by Anna A. Cohen
As the holiday season and the new year approach, many people are either looking for love or ending relationships. Many relationships begin and end in the workplace. A recent survey revealed that almost half of employees have been involved in an office romance, and 20 percent admit to having met their spouse or long-term significant other while at work. Yet nearly half of those employees reported that they didn’t know if their company had a policy on office romances.
Potential legal liability
When office romances go well, they can lead to long-lasting relationships. But when love in the workplace goes sour, it may expose the company to potential legal liabilities. In most cases, relationships between coworkers don’t pose a threat to employers. Relationships between supervisors and subordinates do create problems, though. Other workers may claim that the subordinate employee received preferential treatment. For example, in 2007, a high-ranking executive at a major financial institution was forced to step down when it was discovered that he gave his girlfriend, another company employee, a pay raise.
A supervisor showing favoritism toward his girlfriend is the least of your potential problems, however. If a relationship between a supervisor and a subordinate or between coworkers ends on a sour note, one of the employees may claim that it wasn’t consensual, that he was sexually harassed, or that she was retaliated against if she receives a poor performance review from her former paramour. In 2008, more than 13,867 sexual harassment claims were filed with the Equal Employment Opportunity Commission (EEOC) .
Supervisor Training Video: Stop Sexual Harassment
What should employers do?
Given those potential issues, what should employers do? Well, you have many options. You can implement a broad no-dating policy or an antinepotism policy, enforce a notification procedure, or simply do nothing at all. Another alternative is to require employees to execute “love contracts.” Employers also should check to see if there are any state laws that might apply.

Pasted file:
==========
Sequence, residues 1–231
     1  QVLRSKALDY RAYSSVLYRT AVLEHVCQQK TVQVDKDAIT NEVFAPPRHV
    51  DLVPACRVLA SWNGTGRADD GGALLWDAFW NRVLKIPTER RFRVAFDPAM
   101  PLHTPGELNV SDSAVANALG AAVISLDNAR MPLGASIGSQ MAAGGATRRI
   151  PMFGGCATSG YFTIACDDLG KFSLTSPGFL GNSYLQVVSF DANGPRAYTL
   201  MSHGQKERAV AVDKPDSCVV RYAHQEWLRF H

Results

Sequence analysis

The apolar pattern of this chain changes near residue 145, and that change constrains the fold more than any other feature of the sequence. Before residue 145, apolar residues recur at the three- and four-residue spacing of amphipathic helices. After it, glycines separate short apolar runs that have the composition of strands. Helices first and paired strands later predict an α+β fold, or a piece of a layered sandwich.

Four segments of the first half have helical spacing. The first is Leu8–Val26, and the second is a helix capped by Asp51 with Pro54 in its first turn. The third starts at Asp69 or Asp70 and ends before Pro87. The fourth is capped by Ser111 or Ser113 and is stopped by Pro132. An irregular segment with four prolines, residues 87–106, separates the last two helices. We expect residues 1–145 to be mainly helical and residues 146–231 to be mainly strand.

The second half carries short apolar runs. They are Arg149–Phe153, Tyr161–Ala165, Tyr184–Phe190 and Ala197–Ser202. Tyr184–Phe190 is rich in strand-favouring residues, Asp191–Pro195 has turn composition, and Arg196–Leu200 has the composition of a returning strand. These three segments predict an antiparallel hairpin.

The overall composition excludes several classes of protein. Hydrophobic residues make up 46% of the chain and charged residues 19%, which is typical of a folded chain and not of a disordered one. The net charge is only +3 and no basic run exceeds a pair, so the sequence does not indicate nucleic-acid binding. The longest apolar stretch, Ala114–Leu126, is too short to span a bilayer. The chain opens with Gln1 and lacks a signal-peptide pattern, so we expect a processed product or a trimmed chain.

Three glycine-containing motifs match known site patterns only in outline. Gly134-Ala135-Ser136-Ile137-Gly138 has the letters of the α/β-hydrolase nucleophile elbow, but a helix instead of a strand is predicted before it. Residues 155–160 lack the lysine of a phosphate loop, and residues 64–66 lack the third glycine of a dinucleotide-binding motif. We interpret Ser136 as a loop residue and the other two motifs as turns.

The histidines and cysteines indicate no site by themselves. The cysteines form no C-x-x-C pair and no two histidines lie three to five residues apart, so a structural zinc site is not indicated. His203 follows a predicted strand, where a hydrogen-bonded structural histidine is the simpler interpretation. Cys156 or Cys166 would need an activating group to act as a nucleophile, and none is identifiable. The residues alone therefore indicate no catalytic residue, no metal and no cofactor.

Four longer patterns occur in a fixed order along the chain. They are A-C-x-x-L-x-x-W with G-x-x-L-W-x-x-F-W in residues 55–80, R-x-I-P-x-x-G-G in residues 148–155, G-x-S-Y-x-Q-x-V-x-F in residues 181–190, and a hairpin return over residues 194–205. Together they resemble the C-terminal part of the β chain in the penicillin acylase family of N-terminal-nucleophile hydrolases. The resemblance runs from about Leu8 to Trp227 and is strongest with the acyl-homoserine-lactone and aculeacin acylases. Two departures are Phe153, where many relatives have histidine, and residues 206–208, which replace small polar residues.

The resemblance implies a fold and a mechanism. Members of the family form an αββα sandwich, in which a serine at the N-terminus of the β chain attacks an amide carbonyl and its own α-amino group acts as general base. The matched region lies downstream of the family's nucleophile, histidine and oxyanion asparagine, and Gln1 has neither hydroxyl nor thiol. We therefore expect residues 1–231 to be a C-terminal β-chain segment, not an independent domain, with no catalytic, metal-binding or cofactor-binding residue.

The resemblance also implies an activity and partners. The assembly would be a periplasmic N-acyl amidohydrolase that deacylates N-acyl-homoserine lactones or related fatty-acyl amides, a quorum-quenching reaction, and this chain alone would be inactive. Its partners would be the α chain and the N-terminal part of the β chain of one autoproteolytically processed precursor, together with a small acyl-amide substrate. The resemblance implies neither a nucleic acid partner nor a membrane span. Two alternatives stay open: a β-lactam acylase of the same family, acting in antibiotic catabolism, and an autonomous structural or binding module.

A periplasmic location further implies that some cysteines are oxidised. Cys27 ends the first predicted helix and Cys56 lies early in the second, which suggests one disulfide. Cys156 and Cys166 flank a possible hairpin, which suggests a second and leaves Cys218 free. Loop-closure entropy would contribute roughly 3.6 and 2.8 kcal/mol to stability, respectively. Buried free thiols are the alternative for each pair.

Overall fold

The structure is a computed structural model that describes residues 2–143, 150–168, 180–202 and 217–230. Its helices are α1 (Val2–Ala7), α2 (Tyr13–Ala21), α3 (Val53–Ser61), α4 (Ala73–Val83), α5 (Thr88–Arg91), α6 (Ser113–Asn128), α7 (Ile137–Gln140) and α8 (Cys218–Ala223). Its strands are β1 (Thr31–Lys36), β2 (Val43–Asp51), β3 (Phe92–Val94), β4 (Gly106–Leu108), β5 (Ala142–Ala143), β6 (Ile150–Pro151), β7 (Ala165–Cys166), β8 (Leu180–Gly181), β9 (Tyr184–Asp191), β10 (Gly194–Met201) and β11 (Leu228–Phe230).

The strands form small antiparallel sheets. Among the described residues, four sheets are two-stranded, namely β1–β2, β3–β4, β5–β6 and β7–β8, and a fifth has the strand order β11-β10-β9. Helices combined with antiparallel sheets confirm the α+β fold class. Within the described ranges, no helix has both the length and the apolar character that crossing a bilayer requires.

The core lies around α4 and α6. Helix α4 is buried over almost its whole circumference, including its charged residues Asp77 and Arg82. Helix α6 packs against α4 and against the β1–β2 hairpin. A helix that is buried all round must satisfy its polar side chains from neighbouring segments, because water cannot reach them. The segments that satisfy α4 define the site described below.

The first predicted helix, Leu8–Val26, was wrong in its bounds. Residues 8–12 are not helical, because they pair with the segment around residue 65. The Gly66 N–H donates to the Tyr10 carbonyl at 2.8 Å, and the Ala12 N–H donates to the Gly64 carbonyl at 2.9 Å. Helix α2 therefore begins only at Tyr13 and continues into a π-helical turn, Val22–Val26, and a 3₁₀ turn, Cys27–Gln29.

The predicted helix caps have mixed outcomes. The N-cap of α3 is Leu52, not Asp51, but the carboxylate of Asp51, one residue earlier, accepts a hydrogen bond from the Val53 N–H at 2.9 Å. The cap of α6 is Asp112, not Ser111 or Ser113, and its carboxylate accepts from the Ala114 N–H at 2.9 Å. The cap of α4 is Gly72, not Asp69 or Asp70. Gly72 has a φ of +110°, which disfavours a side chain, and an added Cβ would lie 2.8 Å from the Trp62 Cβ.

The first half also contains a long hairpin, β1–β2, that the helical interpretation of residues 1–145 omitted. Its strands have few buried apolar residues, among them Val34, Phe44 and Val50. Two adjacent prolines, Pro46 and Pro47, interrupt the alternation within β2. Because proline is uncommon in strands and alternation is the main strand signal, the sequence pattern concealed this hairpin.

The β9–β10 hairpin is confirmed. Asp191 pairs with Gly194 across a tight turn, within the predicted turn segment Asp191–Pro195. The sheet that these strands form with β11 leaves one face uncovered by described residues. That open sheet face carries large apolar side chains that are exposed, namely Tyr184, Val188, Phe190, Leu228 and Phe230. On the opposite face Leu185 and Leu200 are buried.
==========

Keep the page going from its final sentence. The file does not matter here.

Workplace dating policies
Some companies may conclude that an outright ban on office dating isn’t the right policy for them. If a total ban on office dating is contrary to your company’s culture, you have many other options to decrease your liability from office romances. Here’s a look at each of those options, along with their positive and negative aspects:
- Don’t maintain an office romance policy. Some employers opt to have no office romance policy, relying instead on their antiharassment and antidiscrimination policies to protect their employees and their own interests in the event of litigation. That option appears reasonable. Two decisions handed down in June 1998 by the U.S. Supreme Court held that an employer could be automatically liable for a supervisor’s sexual harassment of a subordinate. Under certain circumstances, however, you may escape liability if you can establish that (1) you had an effective policy prohibiting sexual harassment and (2) the employee unreasonably failed to take advantage of the policy. Moreover, an employee who feels she has been denied workplace opportunities because she has resisted pressure to have a romantic relationship with a supervisor (or a fellow employee) may complain to your equal employment opportunity (EEO) officer, who (at least in theory!) will promptly investigate and take the appropriate action.